Posts Tagged With: blue-gray gnatcatcher

Mining For Birds

“Beans.”

“You want beans for breakfast?”

“Yes.”

The night before a big adventure requires precision planning for maximum efficiency. Cell phones were charging, optics had been cleaned, fresh battery was inserted into the camera, memory cards formatted, wardrobe laid out and now Gini was confirming the arrangements for provisions.

As any school child can tell you, breakfast is THE MOST IMPORTANT MEAL OF THE DAY! I wasn’t going to risk running out of energy mid-morning due to an insufficient morning meal.

“Exactly what kind of beans do you want?”

“The usual.”

I could hear her eyes roll heavenward from the living room. “You’re impossible.”

I guess that means I will be brewing my own coffee in the morning.

 

We were headed south to Hardee County, adjacent to our home county of Polk in west central Florida. It was dark but the weatherman promised “chamber of commerce” weather for the day. That worried me.

Our arrival at Hardee Lakes Park coincided nicely with sunrise. No clouds, pleasant temperature and – wind. Very gusty wind from the south. At dawn. Small birds are going to be a challenge to find today.

This park was mined for phosphate beginning in 1980 and reclamation of the land started by the end of the decade. After restoring the land and allowing the area to remain unused, the phosphate company donated 1200 acres to Hardee County in 2001 for a recreation area. The park opened in 2004 and today visitors can enjoy fishing in four lakes, hiking, biking, horseback riding, camping and picnicking. Oh, and birding! The park is well maintained and the staff is very friendly and helpful.

Park roads are unimproved but the main roads are in good shape. You can drive around three of the four lakes, but be careful as there can be deep ruts and holes hidden by grass and it can be dicey after periods of rain. There are several trails and a boardwalk through a wetland.

We have always had a terrific experience here and today was no exception.

The day began with dozens of warblers at our first stop. Yellow-rumped, Palm, Pine – scooping up insects in the tree tops and moving en masse from oaks to pines and back again. (They were undeterred by the gusty winds.)

American White Pelicans flew overhead moving from their nightly roosts toward lakes to the north where they would spend the day feeding. Bald eagles crashed through the lake’s surface and emerged with fresh fish in their talons. Noisy Killdeer scooted along a gravel road chasing grasshoppers. Eastern Phoebes and Loggerhead Shrikes sallied forth from elevated perches to hawk flying insects. White-tailed Deer grazed in the park and have become somewhat accustomed to humans. Gray and Southern Fox Squirrels foraged under trees and scampered to a high branch as we approached. The morning was punctuated by the eerie call of the Limpkin and trumpeting of Sandhill Cranes.

All of a sudden, it was lunchtime! How did that happen? We just got here!

Gini’s selection of chicken and fruit was perfect. Just like our day.

 

“Butcher Bird” or Loggerhead Shrike uses that curved beak to grab a dragonfly, moth, grasshopper or even a lizard. Often, the prey is impaled on a thorn or barbed wire fence to make it easier to consume.

Hardee Lakes Park

 

A young White-tailed Deer buck knows he is within the park boundary where hunting is not permitted. Otherwise, we likely would never see him in the open.

Hardee Lakes Park

 

Pine Warblers can vary from very drab to very bright yellow. Their white wing bars and face patterns help in identification.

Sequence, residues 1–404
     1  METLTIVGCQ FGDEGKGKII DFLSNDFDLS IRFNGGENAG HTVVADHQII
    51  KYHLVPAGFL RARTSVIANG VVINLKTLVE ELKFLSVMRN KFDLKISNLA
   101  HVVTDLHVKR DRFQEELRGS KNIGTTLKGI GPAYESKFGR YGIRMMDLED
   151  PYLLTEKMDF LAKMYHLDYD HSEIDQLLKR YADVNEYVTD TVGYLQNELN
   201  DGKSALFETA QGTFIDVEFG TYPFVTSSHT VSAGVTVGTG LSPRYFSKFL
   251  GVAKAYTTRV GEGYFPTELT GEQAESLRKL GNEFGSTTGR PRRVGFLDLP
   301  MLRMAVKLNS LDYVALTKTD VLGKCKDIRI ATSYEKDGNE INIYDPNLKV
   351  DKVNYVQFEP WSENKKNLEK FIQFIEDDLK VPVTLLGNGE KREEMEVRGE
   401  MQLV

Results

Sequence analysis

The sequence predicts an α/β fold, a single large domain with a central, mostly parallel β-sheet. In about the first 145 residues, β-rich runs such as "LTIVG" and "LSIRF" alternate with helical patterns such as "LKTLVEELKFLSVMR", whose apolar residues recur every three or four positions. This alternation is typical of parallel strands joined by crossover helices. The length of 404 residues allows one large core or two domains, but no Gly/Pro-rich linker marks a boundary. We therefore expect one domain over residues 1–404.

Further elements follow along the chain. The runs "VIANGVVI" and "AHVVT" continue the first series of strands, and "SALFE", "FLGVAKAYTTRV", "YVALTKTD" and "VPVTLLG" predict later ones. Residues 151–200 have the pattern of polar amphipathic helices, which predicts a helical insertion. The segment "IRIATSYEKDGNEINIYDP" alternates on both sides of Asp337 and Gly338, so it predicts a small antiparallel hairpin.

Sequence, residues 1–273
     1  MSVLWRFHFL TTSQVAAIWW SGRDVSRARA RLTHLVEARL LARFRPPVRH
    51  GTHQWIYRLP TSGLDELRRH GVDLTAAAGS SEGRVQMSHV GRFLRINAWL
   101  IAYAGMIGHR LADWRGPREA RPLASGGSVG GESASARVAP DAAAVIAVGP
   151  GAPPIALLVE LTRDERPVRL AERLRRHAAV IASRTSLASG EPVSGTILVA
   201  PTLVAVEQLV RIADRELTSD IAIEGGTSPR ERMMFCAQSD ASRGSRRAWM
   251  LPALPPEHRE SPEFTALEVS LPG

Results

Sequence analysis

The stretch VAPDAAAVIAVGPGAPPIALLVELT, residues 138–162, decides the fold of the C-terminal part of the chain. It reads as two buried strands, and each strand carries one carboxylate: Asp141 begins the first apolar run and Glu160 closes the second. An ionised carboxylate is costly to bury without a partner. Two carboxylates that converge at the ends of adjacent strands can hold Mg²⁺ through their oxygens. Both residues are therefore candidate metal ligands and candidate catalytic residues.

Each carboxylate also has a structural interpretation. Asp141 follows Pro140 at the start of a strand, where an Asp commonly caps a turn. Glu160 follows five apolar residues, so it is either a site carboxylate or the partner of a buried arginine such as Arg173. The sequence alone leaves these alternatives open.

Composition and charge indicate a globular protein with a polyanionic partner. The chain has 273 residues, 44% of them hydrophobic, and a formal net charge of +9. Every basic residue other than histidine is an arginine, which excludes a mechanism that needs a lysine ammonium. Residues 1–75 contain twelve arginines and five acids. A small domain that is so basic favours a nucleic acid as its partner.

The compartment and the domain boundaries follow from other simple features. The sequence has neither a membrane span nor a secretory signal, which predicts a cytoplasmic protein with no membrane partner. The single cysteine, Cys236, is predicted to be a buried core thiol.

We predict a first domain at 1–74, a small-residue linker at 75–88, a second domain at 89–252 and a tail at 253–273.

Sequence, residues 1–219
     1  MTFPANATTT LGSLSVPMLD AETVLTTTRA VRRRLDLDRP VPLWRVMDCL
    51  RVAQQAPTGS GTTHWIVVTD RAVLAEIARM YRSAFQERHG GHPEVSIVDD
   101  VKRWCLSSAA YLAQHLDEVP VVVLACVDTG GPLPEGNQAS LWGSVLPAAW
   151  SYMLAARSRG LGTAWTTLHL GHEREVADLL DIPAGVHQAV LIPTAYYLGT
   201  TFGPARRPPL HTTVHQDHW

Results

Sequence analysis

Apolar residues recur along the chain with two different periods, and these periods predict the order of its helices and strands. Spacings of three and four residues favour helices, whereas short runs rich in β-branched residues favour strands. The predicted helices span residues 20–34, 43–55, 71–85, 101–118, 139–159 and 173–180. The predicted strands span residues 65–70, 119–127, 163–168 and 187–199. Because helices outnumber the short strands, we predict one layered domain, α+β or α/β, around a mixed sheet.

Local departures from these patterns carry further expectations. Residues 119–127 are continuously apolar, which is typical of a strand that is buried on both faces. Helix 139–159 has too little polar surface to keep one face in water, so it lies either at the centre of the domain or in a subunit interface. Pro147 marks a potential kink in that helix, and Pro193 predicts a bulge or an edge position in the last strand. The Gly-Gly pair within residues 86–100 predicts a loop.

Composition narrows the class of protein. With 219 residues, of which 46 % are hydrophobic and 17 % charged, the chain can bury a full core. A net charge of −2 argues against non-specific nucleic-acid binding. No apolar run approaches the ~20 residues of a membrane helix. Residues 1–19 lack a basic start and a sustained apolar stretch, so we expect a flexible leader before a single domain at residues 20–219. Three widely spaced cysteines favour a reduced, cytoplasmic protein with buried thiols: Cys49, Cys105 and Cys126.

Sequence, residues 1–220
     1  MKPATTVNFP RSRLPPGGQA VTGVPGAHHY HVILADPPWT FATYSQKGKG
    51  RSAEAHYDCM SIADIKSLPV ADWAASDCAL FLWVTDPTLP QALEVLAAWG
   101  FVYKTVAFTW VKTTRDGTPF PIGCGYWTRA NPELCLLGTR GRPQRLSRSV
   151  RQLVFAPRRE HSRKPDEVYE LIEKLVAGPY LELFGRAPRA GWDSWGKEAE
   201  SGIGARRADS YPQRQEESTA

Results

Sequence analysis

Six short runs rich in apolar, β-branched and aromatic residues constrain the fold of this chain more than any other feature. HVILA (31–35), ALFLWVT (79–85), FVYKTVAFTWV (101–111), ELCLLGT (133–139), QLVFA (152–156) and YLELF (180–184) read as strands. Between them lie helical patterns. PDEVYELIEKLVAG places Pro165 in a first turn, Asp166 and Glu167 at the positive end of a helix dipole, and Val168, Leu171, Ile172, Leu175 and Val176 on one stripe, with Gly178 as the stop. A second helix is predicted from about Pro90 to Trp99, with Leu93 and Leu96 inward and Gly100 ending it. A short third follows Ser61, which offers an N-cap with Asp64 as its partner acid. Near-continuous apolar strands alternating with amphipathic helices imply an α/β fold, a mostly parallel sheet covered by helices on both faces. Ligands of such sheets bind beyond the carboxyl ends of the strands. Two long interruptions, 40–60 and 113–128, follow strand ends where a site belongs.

Hardee Lakes Park

 

Like the Pine, Palm Warblers can also appear quite plain or show a lot of yellow. The constantly pumping tail gives it away even at a distance.

Hardee Lakes Park

 

Small, fast and hungry. Blue-gray Gnatcatchers will fly to a low branch to examine you closely then, poof, they’re back in the top of that tree to resume the snack search.

Hardee Lakes Park

 

Florida’s state bird, the Northern Mockingbird, is not only wonderful to listen to, but is pretty nice looking, too!

Hardee Lakes Park

 

Bright yellow with dark streaks on its sides and distinctive face pattern describe a Prairie Warbler. This one was focused on a bug in a bush and let me get fairly close.

Hardee Lakes Park

 

Female Black-and-White Warblers are paler than the male with a gray instead of black cheek. Both think they belong to the Nuthatch family as they run headfirst down a tree trunk or explore the underside of a branch.

Hardee Lakes Park

Female

Hardee Lakes Park

Male

I had a glimpse of a Limpkin here five years ago and never saw another until today. I was beginning to think they were avoiding me.

Hardee Lakes Park

 

Typical of former mining pits, all four lakes at Hardee Lakes Park are quite deep for Florida lakes. Double-crested Cormorants don’t mind diving for their dinner and they thrive here.

Hardee Lakes Park

 

Although they can dive deep, the small Pied-billed Grebe would just as soon grab her lunch nearer the surface when possible.

Hardee Lakes Park

 

Long legs, double breast bands, orange eyes – the Killdeer runs, stops, runs, stops – until he nabs a bug. Then he does it all over again. Noisily.

Hardee Lakes Park

 

Yellow-rumped Warblers have a split personality. There are two sub-species: “Myrtle” Warbler of the eastern U.S. has a white throat, yellow sides and yellow rump. “Audubon’s” Warbler of the west has a yellow throat, yellow sides and yellow rump. Here in Florida we occasionally see “Audubon’s” during migration.

Hardee Lakes Park

“Myrtle” Warbler

Just looking at her makes my arm hurt. Horse Fly (Tabanus atratus). From 0.75-1.25 inches long (1.9-3.18 cm). Avoid!

Hardee Lakes Park

 

Winter means we get to enjoy that dedicated hunter, the Eastern Phoebe. They are plentiful and beautiful and we will be sad when they all head north in the spring.

Hardee Lakes Park

 

Bald Eagles are common throughout our area since central Florida has so many lakes. Also, migration adds to the number of these magnificent raptors. Resident birds are busy with courtship and nesting now through January. Today we enjoyed watching adult and immature birds soar and fish.

Hardee Lakes Park

Adult

Hardee Lakes Park

Immature

Also concentrating on courtship, territorial battles and nest building are many water bird species. This Great Blue Heron is circling around to rejoin two other herons. We couldn’t determine if the ongoing kerfuffle was courtship or territory related.